GUT-BUSTING treats from pecan pies to frosted doughnuts could be in short supply at SuperValu and Centra stores for a couple of weeks after a major retail bust-up.
The Irish Independent has learnt that pastry and par-baked products company Cuisine de France and Cork-based Musgrave, which controls the SuperValu and Centra brands, have fallen out over product pricing.
Musgrave has rushed to find alternative suppliers to fill a gap that could have made the morning coffee break not quite what it used to be. Musgrave also owns Superquinn, but Cuisine de France does not supply the chain with any products.
Unless an agreement is reached, Cuisine de France products will cease to be available at Musgrave stores from January 28.
The Irish Independent understands that the bakery firm, which is owned by food group Aryzta, has been paying millions of euro a year in so-called rebates to Musgrave.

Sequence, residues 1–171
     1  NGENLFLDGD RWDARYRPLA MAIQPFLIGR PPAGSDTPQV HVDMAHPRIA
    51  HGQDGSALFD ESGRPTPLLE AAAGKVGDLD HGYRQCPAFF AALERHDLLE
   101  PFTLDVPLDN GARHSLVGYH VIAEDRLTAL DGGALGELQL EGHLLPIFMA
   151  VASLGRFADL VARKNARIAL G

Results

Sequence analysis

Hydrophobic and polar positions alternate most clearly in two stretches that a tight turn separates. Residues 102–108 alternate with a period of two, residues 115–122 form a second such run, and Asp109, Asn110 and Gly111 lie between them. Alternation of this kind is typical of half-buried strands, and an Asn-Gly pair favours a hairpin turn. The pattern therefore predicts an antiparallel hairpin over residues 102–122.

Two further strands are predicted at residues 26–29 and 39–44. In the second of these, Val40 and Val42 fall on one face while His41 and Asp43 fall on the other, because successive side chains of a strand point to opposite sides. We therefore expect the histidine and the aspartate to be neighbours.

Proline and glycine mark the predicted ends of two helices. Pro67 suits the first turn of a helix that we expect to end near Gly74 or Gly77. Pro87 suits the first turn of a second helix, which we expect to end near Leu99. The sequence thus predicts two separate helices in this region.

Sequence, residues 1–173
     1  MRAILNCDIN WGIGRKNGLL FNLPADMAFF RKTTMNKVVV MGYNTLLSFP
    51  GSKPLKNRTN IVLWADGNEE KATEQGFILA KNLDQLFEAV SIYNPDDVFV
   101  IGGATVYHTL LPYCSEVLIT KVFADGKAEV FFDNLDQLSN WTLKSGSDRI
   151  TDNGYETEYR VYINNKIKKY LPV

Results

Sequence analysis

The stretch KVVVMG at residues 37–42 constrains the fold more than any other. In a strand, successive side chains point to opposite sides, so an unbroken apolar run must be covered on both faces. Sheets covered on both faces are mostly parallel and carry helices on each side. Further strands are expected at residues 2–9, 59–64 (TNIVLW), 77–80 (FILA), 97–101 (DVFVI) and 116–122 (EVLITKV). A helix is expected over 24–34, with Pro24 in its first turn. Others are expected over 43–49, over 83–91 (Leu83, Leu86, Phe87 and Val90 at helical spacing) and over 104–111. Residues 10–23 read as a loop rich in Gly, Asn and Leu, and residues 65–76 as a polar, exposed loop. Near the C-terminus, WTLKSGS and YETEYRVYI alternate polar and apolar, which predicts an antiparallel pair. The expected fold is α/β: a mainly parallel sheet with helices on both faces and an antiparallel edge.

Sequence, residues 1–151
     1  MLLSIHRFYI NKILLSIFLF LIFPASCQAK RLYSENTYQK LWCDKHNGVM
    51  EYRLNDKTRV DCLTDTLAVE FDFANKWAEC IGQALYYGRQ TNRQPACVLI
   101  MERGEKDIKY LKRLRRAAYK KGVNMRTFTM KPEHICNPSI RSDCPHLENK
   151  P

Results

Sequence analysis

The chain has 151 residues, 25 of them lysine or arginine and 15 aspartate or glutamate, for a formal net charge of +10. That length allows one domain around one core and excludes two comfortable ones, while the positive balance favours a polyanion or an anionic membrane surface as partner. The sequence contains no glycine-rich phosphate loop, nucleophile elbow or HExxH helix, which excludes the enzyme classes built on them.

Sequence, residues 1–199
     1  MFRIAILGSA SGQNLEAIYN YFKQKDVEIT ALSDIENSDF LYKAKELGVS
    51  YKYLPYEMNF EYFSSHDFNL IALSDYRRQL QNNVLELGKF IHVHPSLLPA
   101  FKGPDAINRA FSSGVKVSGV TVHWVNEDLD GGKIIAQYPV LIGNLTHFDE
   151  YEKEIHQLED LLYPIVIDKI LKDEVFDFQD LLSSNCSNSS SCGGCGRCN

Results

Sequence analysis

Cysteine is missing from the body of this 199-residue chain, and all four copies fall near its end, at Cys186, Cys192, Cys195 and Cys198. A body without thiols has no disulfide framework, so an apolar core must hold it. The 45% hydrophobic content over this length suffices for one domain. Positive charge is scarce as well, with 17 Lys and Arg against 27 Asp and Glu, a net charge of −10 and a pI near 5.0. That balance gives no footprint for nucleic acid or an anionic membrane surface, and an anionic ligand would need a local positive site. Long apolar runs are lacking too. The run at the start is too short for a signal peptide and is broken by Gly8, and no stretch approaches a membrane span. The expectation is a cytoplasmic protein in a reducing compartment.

Insiders say that effectively means consumers end up paying more than they really should for their goods because suppliers have to try and recoup the money somehow. Suppliers are also expected to pay a substantial amount of money towards a centralised marketing fund.
It is believed that Cuisine de France sought a 6pc price hike for its products sold in Musgrave stores, but that the retailer refused to allow it, contributing to the break-up.
Musgrave is now sourcing goods to replace the Cuisine de France range from Irish suppliers, as well as one in Belgium.
Retail sources predict that if other suppliers follow suit and the 'rebate' model encounters increased resistance, it could spell a seismic shift for Irish consumers and potentially lower the prices.
Food prices in Ireland are the fifth-highest in the EU. Statistics agency Eurostat said last year that we pay 18pc more than the EU average for food and drink and 15pc more than our neighbours in Britain.